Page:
Culture & Heritage
The built heritage of Jammu dates back to the 2nd century AD. Evidences of these are the Buddhist Stupa at Ambaran near Akhnoor, ninth to tenth century AD Temples at Krimchi, Babor and ancient Forts, Palaces and temples built in the middle ages. The important historical and heritage sites of Jammu are:
Amar Mahal Palace
Amar Mahal Palace is the architectural gem located on the National Highway towards Srinagar. Built like a French Chateau on a hill overlooking the river Tawi, is a beautiful palace of red sand stone which stands amidst most picturesque horizons of Jammu. Once the residential palace of Raja Amar Singh, the palace has been converted into a museum and is looked after by Hari-Tara Charitable Trust. The museum has the golden throne on which Maharaja used to sit, which is made up of 120 kg pure gold. The museum has a gallery of paintings and a library in which about 25,000 books on various subjects and disciplines have been presented
The ancient Bahu Fort in Jammu is believed to be originally built by Raja Bahu Lochan about 3,000 years ago. It was refurbished by the Dogra rulers in the 19th century. The fort is a religious place and within its precincts is a temple dedicated to the Hindu goddess Kali, the presiding deity of Jammu. The temple is known locally as the “Bawey Wali Mata temple”. Just beneath the fort is the terraced Bagh-e-Bahu Garden laid in the style of Mughal gardens which affords panoramic view of the Jammu city and underground fish aquarium.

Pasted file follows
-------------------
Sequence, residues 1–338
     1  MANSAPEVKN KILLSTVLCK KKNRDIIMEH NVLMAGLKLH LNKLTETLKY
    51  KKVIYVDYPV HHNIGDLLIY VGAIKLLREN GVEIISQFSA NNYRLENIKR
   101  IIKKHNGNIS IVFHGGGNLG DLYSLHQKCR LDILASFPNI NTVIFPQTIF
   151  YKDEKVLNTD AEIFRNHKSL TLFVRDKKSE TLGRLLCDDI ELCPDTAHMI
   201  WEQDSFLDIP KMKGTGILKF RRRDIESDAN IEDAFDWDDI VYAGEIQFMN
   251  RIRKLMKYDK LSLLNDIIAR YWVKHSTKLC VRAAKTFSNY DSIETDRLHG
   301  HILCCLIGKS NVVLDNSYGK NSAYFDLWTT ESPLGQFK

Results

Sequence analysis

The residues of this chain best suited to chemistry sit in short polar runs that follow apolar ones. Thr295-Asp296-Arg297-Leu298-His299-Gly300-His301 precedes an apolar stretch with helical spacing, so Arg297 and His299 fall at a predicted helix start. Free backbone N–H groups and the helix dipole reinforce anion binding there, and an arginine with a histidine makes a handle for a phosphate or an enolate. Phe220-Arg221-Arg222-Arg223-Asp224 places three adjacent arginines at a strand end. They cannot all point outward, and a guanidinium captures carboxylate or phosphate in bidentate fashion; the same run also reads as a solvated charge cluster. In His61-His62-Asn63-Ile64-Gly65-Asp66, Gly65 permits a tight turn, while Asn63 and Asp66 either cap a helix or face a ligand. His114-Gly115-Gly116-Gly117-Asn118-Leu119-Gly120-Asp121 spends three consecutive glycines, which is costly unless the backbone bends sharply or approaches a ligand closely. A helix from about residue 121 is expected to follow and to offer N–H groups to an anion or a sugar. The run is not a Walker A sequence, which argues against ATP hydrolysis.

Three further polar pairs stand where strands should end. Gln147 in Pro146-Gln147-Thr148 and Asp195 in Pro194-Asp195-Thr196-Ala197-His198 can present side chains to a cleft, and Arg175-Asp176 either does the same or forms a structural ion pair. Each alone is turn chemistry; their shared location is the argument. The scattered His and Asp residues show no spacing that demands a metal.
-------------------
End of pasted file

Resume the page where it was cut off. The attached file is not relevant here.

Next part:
The Fort was built during the early 19th century and commands a towering view along the right bank of the Chenab. The present fort was probably started in 1762 AD at the behest of Raja Tegh Singh, as an autonomous principle state. A devastating famine is said to have broken in the country during this time. In order to provide work to his famishing people Raj Tegh Singh started the construction of Akhnoor Fort and Palace on banks of the Chenab River. He supplied food to the workers for 2 years and thus saved the principality His son Alam Singh completed the Akhnoor fort in 1802. On the eastern side, there are steps leading down to the River Chenab. Though constructed in the 18th century, most of the steps are in a good state of preservation. The ghat served as the important spot for performance of religious sites by the people of the region. The turrets or Burj are still intact is called the Kishore Singh Burj after Maharaja Gulab Singh’s father who was a close associate of Guru Gobind Singh the 10th Sikh Guru. There are traces of paintings on the walls of the rooms of the fort.
Ambaran ,also locally known as Pambaran, is a village of Akhnoor tehsil in Jammu district and is said to have been founded by Amba Jagdev Pawar . A scion of Pawar dynasty of Dhar Ujjain which seems to have been the original capital of Akhnoor. It was named Ambari after the family diety Amba, one of the names of goddess Durga. The name got changed gradually into Ambaran. Ambaran is the eighth place in the world, where relics of Buddha have been found in a stupa. Historians are of the opinion that the place might have been an important centre of Buddhism between the 1st and 7th century B.C. A cultural sequence of four historical periods has already been unraveled at Ambaran. It is believed to be the only early Buddhist site in Jammu region. Excavations have unearthed terracotta figures, small sculptures, pottery and brunt brick structures dating back to pre Kushan and post Gupta period.